ALS Advocacy is not fun. The loss of life is relentless. The funerals are heartbreaking. The lack of progress is frustrating.
Usually I'm braced a little when we know that a person with ALS has taken a bad turn. The grief enters and leaves at its own pace.
Last week a different kind of death and grief entered our lives like a shot out of the blue. We lost one of our most effective advocates. His death was completely unexpected and did not involve ALS.
I use twitter a lot. I'll tweet to pharmaceutical companies and journalists and politicians to try to shine some light on ALS. Seldom do the pharmaceutical companies bite. I'm just an individual tweeter, after all. A few years ago somebody from the Lilly Open Innovation twitter account exchanged tweets with me. That led to some messages. That led to a meeting to discuss clinical trial enrollment barriers for those dealing with ALS. That led to many more meetings and chats at Lilly and Starbucks and Medicine X. And that led to interactions with all kinds of activist-patients with a variety of diseases.
How did this happen? Meet Jerry Matczak. Jerry was paying attention that evening a few years ago on twitter and he wasn't afraid to engage in constructive interactions. He listened. Oh, how he listened. He didn't get defensive. He never said, "But you don't understand." He really listened.
And Jerry dreamed as he listened. He saw the potential of social media and technology to improve clinical research by making patients part of the solution. He saw bigger pictures than most of us.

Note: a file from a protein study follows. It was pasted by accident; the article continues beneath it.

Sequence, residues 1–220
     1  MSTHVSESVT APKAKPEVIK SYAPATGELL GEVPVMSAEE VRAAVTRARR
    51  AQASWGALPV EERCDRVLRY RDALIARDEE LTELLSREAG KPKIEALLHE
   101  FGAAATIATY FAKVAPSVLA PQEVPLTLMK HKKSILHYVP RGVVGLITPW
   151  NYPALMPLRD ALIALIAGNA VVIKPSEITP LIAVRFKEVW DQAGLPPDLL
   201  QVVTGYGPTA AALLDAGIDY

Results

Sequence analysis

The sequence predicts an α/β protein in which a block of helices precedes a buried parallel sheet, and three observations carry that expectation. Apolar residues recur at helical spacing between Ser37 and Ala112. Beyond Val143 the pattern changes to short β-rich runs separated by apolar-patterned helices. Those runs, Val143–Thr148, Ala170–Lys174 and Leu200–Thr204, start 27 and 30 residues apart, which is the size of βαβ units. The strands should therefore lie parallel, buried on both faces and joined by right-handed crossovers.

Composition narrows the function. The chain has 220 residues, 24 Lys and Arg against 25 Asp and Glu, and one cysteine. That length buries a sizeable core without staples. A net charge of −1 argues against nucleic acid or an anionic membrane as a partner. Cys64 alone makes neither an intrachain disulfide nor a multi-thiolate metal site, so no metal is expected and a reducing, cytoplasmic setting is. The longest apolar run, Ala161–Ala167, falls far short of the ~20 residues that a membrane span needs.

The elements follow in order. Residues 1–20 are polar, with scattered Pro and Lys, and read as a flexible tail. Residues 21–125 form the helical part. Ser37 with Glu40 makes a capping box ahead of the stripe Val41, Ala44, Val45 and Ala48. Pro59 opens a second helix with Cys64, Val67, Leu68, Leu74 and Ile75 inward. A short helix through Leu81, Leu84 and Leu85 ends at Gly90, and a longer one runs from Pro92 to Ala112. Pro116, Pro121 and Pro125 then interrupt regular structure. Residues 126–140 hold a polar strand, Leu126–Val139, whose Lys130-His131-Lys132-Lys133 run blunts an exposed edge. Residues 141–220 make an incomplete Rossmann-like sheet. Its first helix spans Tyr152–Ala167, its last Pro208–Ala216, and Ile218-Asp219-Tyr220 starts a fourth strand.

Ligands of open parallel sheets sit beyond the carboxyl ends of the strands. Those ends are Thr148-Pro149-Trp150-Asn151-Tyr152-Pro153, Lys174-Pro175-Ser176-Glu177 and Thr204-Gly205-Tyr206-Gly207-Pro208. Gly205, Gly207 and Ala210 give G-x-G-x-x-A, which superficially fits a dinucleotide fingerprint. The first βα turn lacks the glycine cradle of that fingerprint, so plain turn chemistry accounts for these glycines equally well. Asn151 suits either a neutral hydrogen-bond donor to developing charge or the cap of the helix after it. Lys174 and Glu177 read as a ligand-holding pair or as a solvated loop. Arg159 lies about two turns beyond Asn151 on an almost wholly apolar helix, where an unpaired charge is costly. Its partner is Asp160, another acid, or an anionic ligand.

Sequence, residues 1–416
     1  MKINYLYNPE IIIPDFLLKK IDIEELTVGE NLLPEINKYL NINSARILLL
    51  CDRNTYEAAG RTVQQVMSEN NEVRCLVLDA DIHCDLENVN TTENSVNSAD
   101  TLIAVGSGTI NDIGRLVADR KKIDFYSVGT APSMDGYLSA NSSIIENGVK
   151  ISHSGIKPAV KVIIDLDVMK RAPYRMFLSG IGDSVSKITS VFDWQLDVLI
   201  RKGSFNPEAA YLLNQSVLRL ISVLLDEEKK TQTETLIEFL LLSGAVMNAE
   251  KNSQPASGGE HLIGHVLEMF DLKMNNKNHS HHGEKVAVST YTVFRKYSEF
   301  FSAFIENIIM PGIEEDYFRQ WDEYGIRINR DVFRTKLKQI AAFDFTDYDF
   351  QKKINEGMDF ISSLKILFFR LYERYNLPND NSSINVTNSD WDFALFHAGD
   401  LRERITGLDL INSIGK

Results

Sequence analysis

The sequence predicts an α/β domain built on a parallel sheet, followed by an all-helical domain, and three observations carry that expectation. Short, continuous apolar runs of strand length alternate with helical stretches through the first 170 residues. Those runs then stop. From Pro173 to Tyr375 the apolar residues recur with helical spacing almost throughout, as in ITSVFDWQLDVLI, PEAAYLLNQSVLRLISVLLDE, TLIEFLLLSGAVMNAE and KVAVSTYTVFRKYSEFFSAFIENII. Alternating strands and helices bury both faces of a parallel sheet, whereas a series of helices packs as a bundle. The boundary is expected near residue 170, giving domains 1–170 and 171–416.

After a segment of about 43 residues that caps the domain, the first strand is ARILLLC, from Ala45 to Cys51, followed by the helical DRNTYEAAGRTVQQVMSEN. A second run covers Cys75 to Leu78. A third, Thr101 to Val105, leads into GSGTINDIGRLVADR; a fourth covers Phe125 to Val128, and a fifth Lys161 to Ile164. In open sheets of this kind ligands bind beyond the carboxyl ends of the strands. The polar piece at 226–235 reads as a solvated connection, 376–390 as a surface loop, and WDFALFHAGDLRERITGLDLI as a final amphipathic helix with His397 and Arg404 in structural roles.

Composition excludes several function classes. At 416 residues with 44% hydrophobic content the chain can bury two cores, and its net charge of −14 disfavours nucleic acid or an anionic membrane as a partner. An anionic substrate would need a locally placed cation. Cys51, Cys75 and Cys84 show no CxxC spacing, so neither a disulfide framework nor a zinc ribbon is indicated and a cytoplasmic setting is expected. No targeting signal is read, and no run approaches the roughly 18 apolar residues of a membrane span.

And then Jerry delivered solutions.
Dozens of e-patients in every disease area have Jerry stories to tell. He listened. He dreamed. He delivered.
Jerry was genuine. Jerry was a real person who experienced his own loss of a brother to AIDS before there were effective treatments. Jerry grasped urgency, and he knew the potential of his industry to save lives that are being lost today.
And on Thursday afternoon I received an email from another ALS advocate that Facebook was buzzing that Jerry had died. No. That can't have been right. I just saw him tweet a few days ago. It must have been some kind of mistake. No, it was right.
The pharmaceutical industry has a gaping hole to fill now. The man with the extraordinary gift to listen and engage e-patients and figure out solutions is gone.
My comfort moving forward is that we all have the example and the standard to follow. We just need to ask ourselves, "What would Jerry do?"